12 Aug ‘We’ll be next Hong Kong’, Taiwanese minister warns
Eryk Bagshaw – Sydney Morning Herald – Wednesday August 2020
Taiwan’s Foreign Minister says his country risks becoming the next Hong Kong as international leaders condemn Beijing’s arrest of media figures and pro-democracy activists.
Joseph Wu told US Health Secretary Alex Azar in Taipei on Tuesday that Beijing had ramped up its coercion of its island neighbour.
“Our life has become increasingly difficult as China continues to pressure Taiwan into accepting its political conditions, conditions that will turn Taiwan into the next Hong Kong,” he said.
Thousands of Hongkongers lined up at newsagents across the city on Tuesday morning to buy the Apple Daily tabloid after it was raided by up to 200 Hong Kong police on Monday over breaches of the Chinese Communist Party’s new national security laws.
Investors piled money into its parent company Next Digital to push its stock up by more than 300 per cent on Tuesday. The show of defiance followed the arrest of Next Digital’s founder Jimmy Lai, the billionaire media tycoon who has used his network to support the pro-democracy movement.
Two political activists including Agnes Chow, the co-founder of former opposition party Demosisto, were detained on Monday night along with Wilson Li, a freelance journalist with Britain’s ITN network. Lai’s sons and four other Next Digital staff were also arrested.
Hong Kong police said Chow and Li had been accused of “colluding with foreign elements” through their alleged involvement in a group that called for international sanctions on Hong Kong.
Police said Lai and Next Digital executives had been using foreign bank accounts. Lai, who was paraded publicly in handcuffs for the second time in two days on Tuesday, met US Vice President Mike Pence and Secretary of State Mike Pompeo in Washington in July last year at the height of the Hong Kong protests.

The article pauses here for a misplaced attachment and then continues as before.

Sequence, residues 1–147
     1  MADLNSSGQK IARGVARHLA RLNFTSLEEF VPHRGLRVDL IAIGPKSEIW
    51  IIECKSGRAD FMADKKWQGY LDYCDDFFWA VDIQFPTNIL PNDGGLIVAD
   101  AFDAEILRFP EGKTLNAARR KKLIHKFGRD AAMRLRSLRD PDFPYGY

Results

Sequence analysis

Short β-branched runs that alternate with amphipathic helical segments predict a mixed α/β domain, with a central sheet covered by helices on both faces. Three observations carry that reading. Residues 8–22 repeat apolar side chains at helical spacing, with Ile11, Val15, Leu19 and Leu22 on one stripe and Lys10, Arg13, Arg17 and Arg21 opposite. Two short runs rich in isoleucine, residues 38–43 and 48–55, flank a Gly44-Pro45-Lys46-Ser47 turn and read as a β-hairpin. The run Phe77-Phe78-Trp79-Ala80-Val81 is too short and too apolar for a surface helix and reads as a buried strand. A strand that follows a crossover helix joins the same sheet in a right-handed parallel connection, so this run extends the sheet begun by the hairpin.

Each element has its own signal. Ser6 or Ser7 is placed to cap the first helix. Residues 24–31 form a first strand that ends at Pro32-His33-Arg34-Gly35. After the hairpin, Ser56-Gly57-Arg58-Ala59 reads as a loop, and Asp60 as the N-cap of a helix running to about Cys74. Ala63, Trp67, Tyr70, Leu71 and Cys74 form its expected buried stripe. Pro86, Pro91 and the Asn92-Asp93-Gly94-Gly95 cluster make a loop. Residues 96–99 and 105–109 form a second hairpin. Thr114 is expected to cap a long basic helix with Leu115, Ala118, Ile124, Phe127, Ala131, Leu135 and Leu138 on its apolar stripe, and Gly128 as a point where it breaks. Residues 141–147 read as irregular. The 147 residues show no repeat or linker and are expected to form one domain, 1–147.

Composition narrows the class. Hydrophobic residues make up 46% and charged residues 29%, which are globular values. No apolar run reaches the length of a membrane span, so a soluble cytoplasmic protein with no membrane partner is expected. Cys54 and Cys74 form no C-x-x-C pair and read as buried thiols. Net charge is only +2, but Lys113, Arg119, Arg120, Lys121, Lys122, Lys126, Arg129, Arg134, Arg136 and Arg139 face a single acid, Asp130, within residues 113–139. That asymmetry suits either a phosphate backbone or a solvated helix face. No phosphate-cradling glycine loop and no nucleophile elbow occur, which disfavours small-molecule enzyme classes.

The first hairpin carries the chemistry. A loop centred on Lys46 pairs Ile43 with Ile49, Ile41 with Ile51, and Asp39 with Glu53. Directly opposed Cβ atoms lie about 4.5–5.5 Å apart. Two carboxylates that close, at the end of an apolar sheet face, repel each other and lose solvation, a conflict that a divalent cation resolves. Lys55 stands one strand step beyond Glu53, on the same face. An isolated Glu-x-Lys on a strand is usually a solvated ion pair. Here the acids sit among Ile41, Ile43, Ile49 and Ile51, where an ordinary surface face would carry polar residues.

“It should be pointed out that no one is above the law,” Hong Kong’s Security Bureau said. “Anybody who violates the law must face justice regardless of his/her status or background.”
Apple Daily vowed to “fight on” on Tuesday, dedicating its front-page to the crackdown. Chinese state media claimed Hongkongers had cheered Lai’s arrest and labelled the outspoken businessman the biggest “black hand” behind the anti-Beijing protests that defined the city for more than 15 months.
Brad Adams, Asia director at Human Rights Watch, said the arrest of democracy supporters and activists was an attempt to dismantle Hong Kong’s civil society.
“Under Xi Jinping, the Communist Party has long shown itself afraid of public opinion on the mainland, and is using the new national security law to try to smash Hong Kong’s independent voices and settle scores with longtime critics,” he said.
The Australian government has been growing increasingly concerned about Hong Kong but has little practical leverage to influence developments.
Liberal senator James Paterson, the chair of the finance committee, said on Tuesday that the government had to look at consequences for the government of Hong Kong and the Chinese Communist Party.
“Australia doesn’t have great opportunities to have Magnitsky-style sanctions against political leaders,” he said. “But a parliamentary committee is inquiring into that right now and I hope that we will adopt that to allow us to individually sanction and target corrupt and human rights abusing officials.”
Wu told Azar on Tuesday that the Chinese Communist Party would now turn its focus to Taiwan. In a show of force, Chinese air force planes crossed into the Taiwan Strait hours after Azar’s first day of high-stakes meetings in Taipei.
“We know this is not just about Taiwan’s status, but about sustaining democracy in the face of authoritarian aggression,” Wu said. “Taiwan must win these battles so democracy prevails.”
Azar’s meeting with Wu is strategically significant and is likely to further anger Beijing, which maintains Taiwan is a renegade province that belongs to China.
Historically, the US and other allies have avoided sending or meeting with foreign or defence ministers in Taiwan to appease Beijing’s “one-China” policy.
Azar, who is ostensibly in Taipei to discuss Taiwan’s successful response to the coronavirus crisis, said on Monday he was representing the White House.
Washington has been pushing for a greater international role for Taiwan as it pursues multiple disputes with China over Hong Kong, the South China Sea and internet censorship ahead of the November US election.